Papermaking is about large volumes. The step from manufacturing in lab to industrial production therefore faces great challenges. Uncertainty regarding supply, demand and price often makes new concepts stick to the “valley of death”. You don’t want to build a factory until you know that everything works.
Pilot facilities are a good way to bridge this gap. But even here, it can be difficult if the amount of pulp to be tested is small. At RISE, researchers and operating staff have now found a way forward through so-called pulse production.
“Normally we need at least one ton of pulp to run the full-scale pilot paper machine, FEX. The fact that we have now managed to run the machine with as little as 40 kg is a breakthrough. This means that companies that are considering expanding their product portfolio with specialty paper can test this in full scale without having to produce large quantities of raw material,” says Mikael Magnusson, researcher in paper technology.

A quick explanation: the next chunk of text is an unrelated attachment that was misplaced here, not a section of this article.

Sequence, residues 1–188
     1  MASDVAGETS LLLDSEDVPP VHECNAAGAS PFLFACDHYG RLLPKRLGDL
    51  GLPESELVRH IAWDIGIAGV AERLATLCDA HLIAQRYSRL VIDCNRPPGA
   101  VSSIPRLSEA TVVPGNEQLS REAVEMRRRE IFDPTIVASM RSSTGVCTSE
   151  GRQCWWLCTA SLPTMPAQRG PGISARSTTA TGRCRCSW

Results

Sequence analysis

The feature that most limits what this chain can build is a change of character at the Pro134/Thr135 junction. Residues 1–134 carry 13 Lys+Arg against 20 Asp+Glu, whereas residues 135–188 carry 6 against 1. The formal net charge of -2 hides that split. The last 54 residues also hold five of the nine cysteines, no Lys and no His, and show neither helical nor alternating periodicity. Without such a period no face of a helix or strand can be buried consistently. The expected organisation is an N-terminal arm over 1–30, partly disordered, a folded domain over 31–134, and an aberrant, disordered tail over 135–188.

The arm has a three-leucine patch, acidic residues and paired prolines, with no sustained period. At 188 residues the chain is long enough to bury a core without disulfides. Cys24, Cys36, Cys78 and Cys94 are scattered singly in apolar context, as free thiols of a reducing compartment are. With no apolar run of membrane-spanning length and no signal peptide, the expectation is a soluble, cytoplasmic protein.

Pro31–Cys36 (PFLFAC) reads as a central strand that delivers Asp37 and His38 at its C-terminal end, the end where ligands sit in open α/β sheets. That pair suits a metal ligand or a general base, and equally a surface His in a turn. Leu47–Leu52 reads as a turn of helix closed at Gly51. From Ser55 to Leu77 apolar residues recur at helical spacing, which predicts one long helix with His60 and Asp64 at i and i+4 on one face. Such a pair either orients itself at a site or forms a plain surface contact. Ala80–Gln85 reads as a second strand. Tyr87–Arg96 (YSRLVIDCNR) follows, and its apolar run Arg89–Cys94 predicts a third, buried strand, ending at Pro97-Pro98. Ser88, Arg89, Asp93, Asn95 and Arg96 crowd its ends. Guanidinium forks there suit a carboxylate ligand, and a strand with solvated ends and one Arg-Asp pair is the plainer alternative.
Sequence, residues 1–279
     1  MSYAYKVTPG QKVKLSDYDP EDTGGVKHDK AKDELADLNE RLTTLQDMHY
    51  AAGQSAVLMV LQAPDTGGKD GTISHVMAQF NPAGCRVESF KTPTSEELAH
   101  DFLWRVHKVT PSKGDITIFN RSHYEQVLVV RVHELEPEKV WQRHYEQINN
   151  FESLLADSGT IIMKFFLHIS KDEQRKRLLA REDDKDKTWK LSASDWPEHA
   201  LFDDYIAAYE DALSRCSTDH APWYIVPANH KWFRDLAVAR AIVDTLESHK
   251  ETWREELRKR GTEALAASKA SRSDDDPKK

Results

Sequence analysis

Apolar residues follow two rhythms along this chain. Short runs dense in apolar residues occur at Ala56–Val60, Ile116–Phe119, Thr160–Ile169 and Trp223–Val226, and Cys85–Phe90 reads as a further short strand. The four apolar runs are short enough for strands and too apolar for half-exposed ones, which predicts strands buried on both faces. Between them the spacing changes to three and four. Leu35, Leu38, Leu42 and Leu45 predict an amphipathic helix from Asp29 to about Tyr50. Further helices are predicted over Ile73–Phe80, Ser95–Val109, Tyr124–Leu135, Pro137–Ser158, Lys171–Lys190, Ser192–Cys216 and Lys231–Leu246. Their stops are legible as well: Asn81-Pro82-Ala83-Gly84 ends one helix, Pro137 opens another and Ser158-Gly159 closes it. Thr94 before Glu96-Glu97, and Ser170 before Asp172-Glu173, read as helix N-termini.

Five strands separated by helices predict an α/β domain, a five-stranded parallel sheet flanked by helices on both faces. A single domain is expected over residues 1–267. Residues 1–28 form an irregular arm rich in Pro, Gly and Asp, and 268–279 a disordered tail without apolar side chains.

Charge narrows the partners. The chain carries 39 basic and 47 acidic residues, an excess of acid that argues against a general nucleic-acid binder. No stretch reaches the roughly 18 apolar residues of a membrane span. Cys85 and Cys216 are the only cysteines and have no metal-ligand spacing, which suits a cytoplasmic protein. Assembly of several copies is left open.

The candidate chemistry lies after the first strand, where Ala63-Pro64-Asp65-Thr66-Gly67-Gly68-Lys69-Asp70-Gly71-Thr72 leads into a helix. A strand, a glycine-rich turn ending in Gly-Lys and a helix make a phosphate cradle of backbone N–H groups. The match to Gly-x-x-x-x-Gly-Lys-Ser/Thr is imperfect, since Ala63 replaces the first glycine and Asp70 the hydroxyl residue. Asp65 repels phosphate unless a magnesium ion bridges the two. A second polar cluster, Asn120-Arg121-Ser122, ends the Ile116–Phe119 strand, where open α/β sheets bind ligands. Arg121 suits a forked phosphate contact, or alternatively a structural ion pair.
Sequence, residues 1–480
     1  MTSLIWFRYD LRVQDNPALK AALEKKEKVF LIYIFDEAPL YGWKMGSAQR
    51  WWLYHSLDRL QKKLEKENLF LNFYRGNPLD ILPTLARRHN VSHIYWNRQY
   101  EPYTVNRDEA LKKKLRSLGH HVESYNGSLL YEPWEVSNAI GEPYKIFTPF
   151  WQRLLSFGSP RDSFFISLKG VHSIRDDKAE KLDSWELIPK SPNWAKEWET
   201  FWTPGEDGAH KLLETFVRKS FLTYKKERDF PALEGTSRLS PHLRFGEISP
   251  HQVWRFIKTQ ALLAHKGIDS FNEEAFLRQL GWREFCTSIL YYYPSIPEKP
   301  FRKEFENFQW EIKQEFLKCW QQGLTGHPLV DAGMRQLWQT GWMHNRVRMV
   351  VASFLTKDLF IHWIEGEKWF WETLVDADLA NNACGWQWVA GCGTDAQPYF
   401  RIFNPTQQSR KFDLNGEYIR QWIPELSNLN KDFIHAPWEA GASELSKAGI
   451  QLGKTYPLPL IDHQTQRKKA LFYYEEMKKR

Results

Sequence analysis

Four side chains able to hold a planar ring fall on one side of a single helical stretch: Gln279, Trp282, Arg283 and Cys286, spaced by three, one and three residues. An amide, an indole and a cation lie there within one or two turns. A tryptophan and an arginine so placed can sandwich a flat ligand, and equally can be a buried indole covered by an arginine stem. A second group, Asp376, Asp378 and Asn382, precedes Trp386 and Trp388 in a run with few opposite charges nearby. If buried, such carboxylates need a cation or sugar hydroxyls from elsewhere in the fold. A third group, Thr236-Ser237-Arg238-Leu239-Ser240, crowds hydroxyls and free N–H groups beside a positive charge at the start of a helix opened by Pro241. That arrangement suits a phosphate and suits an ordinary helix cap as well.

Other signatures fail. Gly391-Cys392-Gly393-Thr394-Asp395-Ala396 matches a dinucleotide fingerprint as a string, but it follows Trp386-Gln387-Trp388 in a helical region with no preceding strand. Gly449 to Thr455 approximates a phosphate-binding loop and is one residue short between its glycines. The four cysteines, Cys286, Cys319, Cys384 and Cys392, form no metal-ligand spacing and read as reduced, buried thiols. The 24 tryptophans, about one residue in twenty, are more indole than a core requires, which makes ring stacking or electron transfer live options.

In practice, the new method of pulse production means that the plant is started with ordinary pulp. Then switched to another chest with special pulp without disrupting production.
“Manufacturing was extra challenging as the pulp contained fibres with very low bonding properties. The excitement was tremendous for both RISE and present customers to see if the web were to break or if the extremely short production would work. But with careful preparation and talented operating staff it all worked out well and the production pulse came to a cheer, says project manager Mikael Bouveng.
The new method means that the threshold is significantly reduced for investments in narrow products with a high profit margin or where demand is low.
Previously successful results with pulse production will be presented at the international conference PaperCon 5-8 May in Indianapolis, USA.